April 22, 2020 WCC
Occupation/Title: Nursing Assistant
Place of Work: Ascension Crittenton Hospital
WCC Degree in progress: Associate Degree in Nursing
Anticipated Graduation: December 2020
How has your job changed?
I take vital signs, check blood sugars, collect specimen samples, help my patients with their activities of daily living, and support the nurses when they need assistance. The pandemic has changed the type of patients that we see. I usually work on a cardiac unit, but as units have shifted around and some have become COVID units, we've had to take on patients with diagnoses that we don't normally deal with. It's challenging, but we're all learning a lot right now.
How has your life changed?
A: Mostly it's exhaustion — physical, mental, and emotional exhaustion. Our workloads in the hospital are heavy in every way imaginable right now, and by the time I get home at the end of the day, I have nothing left in me.
Q: What is the hardest thing to deal with?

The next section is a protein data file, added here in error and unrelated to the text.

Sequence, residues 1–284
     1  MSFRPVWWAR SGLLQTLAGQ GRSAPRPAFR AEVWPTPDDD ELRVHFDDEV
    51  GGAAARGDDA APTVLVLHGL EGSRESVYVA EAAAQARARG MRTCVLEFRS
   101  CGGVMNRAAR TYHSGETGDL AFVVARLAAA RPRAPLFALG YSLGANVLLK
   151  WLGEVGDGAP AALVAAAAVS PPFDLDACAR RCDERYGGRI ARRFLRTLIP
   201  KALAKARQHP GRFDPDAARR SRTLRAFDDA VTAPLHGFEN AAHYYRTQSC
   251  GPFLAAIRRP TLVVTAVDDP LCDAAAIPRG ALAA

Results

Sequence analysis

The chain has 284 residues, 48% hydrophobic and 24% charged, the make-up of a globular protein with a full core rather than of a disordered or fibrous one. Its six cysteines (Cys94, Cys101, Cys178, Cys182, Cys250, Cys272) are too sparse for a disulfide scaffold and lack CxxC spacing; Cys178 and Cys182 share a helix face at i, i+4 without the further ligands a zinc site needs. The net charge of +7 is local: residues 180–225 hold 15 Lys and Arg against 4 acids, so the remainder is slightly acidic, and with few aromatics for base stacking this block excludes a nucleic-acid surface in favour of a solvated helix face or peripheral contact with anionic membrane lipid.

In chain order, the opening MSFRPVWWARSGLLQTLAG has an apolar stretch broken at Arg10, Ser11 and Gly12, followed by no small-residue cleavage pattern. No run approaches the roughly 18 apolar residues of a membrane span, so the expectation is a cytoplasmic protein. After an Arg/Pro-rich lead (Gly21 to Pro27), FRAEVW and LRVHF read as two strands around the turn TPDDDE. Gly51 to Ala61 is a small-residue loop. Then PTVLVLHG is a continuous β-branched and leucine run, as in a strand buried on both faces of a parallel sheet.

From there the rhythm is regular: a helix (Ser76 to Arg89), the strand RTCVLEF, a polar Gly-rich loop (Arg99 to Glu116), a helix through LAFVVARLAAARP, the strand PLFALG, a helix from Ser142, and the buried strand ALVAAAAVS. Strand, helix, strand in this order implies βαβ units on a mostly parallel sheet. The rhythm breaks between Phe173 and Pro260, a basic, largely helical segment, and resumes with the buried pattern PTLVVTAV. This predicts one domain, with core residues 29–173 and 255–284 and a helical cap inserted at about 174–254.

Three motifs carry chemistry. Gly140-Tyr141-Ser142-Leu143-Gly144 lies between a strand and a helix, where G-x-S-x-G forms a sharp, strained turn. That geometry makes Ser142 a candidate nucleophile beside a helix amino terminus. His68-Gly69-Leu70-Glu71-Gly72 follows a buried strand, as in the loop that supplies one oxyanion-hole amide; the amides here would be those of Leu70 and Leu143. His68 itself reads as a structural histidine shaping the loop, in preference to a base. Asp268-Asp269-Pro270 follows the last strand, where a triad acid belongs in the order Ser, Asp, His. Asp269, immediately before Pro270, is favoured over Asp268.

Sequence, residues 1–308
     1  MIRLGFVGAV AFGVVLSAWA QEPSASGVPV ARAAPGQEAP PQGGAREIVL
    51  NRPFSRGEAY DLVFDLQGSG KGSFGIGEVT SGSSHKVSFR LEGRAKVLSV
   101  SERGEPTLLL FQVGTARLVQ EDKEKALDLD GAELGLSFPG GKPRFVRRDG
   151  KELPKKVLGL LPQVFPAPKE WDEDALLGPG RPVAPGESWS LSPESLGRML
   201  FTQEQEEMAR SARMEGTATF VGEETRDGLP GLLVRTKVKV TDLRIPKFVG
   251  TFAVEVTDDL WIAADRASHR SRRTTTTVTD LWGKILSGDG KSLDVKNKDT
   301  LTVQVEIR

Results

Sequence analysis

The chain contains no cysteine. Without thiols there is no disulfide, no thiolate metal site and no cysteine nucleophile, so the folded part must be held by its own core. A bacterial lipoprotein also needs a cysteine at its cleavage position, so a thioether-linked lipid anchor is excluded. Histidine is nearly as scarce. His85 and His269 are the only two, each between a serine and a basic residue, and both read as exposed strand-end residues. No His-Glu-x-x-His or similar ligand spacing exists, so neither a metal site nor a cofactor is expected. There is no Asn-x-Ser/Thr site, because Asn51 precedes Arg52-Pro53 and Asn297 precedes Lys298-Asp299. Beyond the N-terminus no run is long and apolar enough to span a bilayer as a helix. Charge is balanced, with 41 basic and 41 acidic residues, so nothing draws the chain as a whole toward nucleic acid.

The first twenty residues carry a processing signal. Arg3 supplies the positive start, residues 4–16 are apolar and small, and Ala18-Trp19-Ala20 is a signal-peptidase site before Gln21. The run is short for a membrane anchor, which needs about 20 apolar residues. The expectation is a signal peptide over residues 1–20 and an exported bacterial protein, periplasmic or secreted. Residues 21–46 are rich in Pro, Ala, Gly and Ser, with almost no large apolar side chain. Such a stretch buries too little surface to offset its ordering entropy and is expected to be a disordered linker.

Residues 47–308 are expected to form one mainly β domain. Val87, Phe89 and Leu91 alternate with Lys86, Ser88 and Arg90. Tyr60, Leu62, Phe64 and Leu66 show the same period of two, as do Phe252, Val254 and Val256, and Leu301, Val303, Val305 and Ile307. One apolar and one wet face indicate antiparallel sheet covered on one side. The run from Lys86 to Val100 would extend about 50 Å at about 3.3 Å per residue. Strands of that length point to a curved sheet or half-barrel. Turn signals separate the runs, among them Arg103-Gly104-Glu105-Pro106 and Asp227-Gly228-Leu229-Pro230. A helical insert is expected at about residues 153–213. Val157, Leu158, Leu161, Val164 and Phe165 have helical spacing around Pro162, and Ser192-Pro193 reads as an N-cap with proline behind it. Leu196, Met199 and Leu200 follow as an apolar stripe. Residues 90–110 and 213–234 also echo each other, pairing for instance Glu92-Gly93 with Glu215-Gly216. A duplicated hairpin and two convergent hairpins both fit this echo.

The hardest thing for me to deal with is seeing patients having to be in the hospital alone. Patients are lonely and scared and can't have their loved ones come visit. The absolute hardest thing is watching someone die alone. We do what we can to sit with them and hold the phone up to their ear so their family can talk to them, but in the end, we are the last people they see, and it breaks my heart.
One thing the public should know about healthcare workers?
Being a healthcare worker today is terrifying. You don't know what you're walking into when you walk through the hospital doors for your shift. You might take care of a patient for days before finding out that they tested positive for COVID-19 and although we are all being highly diligent about PPE, there are extra steps and precautions that need to be taken for COVID positive patients. Healthcare workers put themselves at risk every day so that patients get the care they need.
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